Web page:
So this is awesome -- mini-project

JonM's picture

The lovely people at F11 Photography have given us a large box of disposable camera shells. It turns out the circuits inside of disposable camera shells are ideal for creating the high-voltage, low-current power required to build awesome Steampunk lights guaranteed to amaze your friends and enrage your enemies.

So while we're planning for our larger awesome projects, I'd like to do a mini-project on one of our upcoming Open Make Days. The generous, wonderful, and perennially excellent F11 supplies the circuits, I'll supply bulbs, switches, and (if I can get enough together) battery cases, and we'll use the time to get a basic circuit together. After that, it's up to you! We have a lot of creative people in the group, and I'm excited to see what everyone comes up with. Who's with me?

18 comments

cmetcalf's picture

by cmetcalf on Sun, 09/04/2011 - 12:02

hmm. now we just need some nixie tubes, a steam engine, and some goggles :)

<insert signature here>

JonM's picture

by JonM on Sun, 09/04/2011 - 13:50

I'll bet you could drive a nixie tube with that circuit. Hmm.

Overlord's picture

by Overlord on Wed, 09/07/2011 - 10:08

I'm into making something with these. Thanks Jon for gathering more things.

cmetcalf's picture

by cmetcalf on Wed, 09/07/2011 - 10:39

I think this might be a good one for halloween. I think these would make great jack-o-lantern eyes...

<insert signature here>

JonM's picture

by JonM on Wed, 09/07/2011 - 15:19

Hey, cool! You can! You can also make small CFL bulbs into creepy David Lynch lamps with the circuit.

Yeah, this would be awesome for Halloween...

Overlord's picture

by Overlord on Mon, 09/19/2011 - 12:52

So I believe I may have pushed more current than I should have through the circuit... It smells like burning.

JonM's picture

by JonM on Mon, 09/19/2011 - 16:15

+1

Overlord's picture

by Overlord on Wed, 09/21/2011 - 13:02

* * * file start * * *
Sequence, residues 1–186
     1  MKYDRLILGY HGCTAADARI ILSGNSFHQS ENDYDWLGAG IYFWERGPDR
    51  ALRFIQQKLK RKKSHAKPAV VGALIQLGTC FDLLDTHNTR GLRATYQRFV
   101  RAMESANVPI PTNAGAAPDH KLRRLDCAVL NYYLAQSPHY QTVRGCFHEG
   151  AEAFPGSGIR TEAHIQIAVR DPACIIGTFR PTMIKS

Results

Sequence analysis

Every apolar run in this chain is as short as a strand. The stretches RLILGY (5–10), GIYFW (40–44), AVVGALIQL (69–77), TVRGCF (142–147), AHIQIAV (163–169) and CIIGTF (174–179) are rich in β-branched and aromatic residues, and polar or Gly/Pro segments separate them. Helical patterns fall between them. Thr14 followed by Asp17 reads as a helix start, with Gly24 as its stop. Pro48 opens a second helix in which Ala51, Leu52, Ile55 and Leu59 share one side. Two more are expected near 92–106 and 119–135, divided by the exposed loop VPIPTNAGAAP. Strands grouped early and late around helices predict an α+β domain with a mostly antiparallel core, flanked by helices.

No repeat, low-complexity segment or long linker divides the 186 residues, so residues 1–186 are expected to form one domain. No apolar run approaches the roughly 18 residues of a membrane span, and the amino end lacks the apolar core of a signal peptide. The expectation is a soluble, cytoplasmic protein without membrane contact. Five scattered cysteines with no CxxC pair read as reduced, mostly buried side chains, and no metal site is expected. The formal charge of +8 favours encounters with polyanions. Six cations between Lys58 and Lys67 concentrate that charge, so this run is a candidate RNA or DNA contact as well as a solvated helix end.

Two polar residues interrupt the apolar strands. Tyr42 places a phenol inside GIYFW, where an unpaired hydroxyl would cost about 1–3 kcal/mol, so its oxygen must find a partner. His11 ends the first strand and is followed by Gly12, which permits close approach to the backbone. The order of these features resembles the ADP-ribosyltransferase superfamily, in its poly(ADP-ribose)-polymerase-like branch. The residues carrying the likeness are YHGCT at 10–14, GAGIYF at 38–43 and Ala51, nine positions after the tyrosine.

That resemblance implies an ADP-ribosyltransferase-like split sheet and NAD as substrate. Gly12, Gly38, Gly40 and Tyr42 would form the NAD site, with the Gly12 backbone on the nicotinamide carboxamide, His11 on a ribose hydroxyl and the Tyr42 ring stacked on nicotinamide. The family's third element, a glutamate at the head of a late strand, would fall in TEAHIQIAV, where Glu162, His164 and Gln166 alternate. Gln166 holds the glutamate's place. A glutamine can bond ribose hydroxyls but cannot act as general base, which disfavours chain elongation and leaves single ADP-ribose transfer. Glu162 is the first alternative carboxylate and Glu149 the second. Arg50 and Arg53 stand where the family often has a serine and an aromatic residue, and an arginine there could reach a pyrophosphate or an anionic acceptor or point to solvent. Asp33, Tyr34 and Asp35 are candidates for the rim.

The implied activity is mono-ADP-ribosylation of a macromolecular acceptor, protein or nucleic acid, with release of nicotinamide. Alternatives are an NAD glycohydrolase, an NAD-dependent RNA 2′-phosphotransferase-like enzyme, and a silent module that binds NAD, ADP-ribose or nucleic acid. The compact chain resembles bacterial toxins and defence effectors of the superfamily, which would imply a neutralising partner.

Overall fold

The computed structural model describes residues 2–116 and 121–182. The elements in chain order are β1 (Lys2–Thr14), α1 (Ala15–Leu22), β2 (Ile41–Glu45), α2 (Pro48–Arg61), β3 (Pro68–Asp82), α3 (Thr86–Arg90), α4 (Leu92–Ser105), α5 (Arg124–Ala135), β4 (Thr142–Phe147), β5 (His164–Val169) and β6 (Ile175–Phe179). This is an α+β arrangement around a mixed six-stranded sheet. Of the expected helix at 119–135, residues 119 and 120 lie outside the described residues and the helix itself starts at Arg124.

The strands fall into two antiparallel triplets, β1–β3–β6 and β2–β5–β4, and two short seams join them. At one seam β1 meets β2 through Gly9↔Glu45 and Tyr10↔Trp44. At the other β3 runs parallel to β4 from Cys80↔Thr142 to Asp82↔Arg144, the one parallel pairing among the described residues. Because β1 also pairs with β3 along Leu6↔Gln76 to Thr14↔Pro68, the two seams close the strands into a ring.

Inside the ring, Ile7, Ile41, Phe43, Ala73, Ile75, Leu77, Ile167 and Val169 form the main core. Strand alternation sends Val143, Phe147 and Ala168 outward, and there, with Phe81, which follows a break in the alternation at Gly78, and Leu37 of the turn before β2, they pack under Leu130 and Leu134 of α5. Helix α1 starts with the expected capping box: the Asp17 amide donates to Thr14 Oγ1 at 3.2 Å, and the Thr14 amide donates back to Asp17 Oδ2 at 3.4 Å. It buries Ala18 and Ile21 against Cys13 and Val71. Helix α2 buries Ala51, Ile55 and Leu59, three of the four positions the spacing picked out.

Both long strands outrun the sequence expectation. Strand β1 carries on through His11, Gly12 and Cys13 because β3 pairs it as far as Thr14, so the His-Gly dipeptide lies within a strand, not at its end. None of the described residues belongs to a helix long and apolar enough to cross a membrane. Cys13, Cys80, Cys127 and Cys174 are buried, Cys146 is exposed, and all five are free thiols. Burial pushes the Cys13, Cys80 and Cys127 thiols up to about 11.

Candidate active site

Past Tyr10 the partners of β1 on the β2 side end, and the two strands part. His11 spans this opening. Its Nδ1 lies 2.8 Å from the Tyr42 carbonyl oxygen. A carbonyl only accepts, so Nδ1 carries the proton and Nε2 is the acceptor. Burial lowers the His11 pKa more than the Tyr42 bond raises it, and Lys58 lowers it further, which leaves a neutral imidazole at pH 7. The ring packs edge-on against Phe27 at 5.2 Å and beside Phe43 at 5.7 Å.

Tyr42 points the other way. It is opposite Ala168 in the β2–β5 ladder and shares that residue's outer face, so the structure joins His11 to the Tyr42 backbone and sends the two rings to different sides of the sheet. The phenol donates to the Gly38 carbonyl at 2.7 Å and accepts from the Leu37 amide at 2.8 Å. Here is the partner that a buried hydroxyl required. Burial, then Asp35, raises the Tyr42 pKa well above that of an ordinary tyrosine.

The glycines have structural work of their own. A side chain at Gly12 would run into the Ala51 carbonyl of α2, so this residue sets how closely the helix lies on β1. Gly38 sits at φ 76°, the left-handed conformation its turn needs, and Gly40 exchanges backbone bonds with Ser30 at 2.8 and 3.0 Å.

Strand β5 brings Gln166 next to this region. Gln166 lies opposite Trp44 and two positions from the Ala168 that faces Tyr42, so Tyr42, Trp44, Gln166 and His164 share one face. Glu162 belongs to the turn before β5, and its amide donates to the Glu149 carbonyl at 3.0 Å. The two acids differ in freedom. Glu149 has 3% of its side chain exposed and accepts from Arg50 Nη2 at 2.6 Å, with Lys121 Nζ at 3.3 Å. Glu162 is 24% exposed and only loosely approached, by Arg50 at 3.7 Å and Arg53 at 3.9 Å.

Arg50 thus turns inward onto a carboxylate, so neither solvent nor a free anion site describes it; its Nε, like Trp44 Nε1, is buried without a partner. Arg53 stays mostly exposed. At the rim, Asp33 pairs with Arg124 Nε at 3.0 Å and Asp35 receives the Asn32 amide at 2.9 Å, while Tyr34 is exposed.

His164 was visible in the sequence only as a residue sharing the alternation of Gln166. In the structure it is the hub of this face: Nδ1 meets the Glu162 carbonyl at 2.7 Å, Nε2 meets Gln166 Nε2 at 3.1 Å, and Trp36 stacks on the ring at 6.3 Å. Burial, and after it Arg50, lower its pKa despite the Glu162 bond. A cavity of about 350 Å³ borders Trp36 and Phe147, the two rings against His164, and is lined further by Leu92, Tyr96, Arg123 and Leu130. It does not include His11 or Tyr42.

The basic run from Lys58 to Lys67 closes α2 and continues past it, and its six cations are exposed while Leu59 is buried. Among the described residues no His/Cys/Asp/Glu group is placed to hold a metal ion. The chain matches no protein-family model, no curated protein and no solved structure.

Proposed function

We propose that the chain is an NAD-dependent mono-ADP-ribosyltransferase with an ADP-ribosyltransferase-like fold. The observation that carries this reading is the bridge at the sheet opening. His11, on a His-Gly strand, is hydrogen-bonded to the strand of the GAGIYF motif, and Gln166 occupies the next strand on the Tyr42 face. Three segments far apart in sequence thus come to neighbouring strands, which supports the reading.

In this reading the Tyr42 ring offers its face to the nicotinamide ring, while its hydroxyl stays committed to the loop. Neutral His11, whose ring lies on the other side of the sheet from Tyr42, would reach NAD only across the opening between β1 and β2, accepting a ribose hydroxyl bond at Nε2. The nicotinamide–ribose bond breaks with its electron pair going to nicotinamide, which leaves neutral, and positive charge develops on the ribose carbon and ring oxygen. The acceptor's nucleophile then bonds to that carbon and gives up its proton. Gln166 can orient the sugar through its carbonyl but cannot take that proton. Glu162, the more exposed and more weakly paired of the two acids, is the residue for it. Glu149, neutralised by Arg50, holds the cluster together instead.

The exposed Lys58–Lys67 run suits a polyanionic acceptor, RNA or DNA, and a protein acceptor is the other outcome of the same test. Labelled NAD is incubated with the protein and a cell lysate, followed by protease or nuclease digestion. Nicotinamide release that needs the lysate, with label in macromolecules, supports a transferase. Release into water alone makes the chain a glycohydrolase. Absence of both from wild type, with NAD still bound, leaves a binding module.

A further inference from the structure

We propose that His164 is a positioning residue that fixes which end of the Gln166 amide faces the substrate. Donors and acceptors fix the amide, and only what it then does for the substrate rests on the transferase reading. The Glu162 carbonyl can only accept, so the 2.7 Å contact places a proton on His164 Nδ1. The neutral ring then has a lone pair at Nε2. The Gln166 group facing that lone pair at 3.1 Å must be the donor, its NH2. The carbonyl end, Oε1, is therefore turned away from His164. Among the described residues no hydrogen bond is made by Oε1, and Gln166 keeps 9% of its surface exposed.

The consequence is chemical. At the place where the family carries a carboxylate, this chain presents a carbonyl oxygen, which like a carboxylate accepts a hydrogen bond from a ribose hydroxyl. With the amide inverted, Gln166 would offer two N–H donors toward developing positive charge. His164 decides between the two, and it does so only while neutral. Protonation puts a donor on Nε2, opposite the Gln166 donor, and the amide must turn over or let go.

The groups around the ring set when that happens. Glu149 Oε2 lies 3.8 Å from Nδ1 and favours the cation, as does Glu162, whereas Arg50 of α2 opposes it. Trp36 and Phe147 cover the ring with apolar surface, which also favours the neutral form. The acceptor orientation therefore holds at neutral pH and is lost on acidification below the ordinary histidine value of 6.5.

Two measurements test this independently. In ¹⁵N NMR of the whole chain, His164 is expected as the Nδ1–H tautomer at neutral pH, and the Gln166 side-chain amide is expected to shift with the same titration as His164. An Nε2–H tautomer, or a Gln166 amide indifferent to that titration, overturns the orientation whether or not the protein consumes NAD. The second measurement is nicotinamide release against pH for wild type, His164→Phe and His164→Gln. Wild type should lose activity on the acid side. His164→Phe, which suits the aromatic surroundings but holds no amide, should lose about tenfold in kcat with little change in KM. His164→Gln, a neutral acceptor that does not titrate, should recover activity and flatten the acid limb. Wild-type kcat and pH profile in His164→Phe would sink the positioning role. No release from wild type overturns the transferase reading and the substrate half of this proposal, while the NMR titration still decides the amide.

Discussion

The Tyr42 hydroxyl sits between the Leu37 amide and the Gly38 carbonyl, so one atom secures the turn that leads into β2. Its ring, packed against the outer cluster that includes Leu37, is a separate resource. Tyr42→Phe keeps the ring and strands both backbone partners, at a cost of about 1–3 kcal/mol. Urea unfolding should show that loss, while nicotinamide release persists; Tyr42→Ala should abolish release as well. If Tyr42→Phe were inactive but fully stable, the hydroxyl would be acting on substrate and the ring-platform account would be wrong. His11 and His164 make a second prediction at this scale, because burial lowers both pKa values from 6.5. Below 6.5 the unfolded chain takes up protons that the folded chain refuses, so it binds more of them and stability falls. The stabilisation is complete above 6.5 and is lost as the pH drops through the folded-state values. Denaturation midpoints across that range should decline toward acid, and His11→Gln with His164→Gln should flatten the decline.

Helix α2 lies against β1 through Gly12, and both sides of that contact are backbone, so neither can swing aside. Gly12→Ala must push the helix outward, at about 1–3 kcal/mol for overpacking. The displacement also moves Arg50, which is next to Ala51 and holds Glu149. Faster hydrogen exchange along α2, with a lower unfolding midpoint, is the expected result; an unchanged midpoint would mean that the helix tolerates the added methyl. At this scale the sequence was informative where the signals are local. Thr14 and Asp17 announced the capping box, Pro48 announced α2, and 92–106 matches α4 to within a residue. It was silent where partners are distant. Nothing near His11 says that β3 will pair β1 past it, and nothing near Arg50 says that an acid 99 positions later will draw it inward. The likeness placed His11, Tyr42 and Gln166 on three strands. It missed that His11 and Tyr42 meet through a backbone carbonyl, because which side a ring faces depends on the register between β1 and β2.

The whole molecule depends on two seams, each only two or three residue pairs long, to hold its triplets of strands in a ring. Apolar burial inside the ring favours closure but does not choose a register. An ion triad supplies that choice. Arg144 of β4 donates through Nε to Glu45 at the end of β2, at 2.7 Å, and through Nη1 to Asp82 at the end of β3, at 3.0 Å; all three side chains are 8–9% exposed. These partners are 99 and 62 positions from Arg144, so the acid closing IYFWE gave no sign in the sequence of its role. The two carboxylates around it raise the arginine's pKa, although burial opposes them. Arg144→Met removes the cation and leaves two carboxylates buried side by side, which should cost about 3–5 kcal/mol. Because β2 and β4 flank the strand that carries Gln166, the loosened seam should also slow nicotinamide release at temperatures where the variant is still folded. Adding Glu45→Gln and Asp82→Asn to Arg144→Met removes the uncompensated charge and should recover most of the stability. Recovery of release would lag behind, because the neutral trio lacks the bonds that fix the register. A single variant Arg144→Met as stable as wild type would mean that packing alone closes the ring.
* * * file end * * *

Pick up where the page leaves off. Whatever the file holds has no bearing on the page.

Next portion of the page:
So it appears that I have modified the circuit and found multiple outputs that are reading around 450-480 volts. Which output should I use? The bulb only on rare instances lights up for a second or two and then no more. Any thoughts as to why this might be happening?

JonM's picture

by JonM on Wed, 09/21/2011 - 14:56

I'm guessing the voltage isn't high enough? That's kind of disappointing. Are you using a Kodak or a Fujifilm? Also, how many volts are you putting into the thing?

Overlord's picture

by Overlord on Wed, 09/21/2011 - 15:33

Using the Fujifilm. Maybe I'm not attaching the bulb to the proper connections. I'll give it another review tonight. I'm using two AA's.

I'll check the traces tonight as well. Still is was sweet to see the bulb light up without me setting my garage on fire and shocking myself.

Overlord's picture

by Overlord on Thu, 09/22/2011 - 11:42

Finally getting some light, but not nearly as cool as yours Jon. I have to beat the bulb on my workbench until it starts to flicker ;)

JonM's picture

by JonM on Thu, 09/22/2011 - 12:23

Do you have a wire going from ground on the circuit to the outside of the bulb?

Overlord's picture

by Overlord on Thu, 09/22/2011 - 12:32

Yes, I believe I do. Is this not correct?

JonM's picture

by JonM on Thu, 09/22/2011 - 13:15

Yeah, it's correct. That's really weird. Are the batteries old? I've noticed performance drops off pretty dramatically once the batteries start to wear down.

JonM's picture

by JonM on Wed, 09/21/2011 - 15:08

For what it's worth, my meter pegs out when I measure the output of my circuit. What do things look like across the traces that feed into the capacitor?

JonM's picture

by JonM on Tue, 09/20/2011 - 15:24

Seriously, though. We have a ho-jillion more cameras to work with. Anyone else want one? I'll bring a bag on Saturday.

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